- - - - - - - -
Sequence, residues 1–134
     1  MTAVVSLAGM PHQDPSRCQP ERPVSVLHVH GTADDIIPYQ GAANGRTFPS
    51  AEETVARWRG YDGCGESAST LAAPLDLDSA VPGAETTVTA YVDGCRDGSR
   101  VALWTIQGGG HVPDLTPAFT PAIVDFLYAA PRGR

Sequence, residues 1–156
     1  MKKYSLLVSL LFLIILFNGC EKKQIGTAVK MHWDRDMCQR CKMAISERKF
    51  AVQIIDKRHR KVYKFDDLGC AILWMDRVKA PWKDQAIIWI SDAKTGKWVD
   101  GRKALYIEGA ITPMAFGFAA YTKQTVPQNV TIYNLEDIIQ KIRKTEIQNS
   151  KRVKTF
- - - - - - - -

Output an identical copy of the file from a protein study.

Sequence, residues 1–134
     1  MTAVVSLAGM PHQDPSRCQP ERPVSVLHVH GTADDIIPYQ GAANGRTFPS
    51  AEETVARWRG YDGCGESAST LAAPLDLDSA VPGAETTVTA YVDGCRDGSR
   101  VALWTIQGGG HVPDLTPAFT PAIVDFLYAA PRGR

Sequence, residues 1–156
     1  MKKYSLLVSL LFLIILFNGC EKKQIGTAVK MHWDRDMCQR CKMAISERKF
    51  AVQIIDKRHR KVYKFDDLGC AILWMDRVKA PWKDQAIIWI SDAKTGKWVD
   101  GRKALYIEGA ITPMAFGFAA YTKQTVPQNV TIYNLEDIIQ KIRKTEIQNS
   151  KRVKTF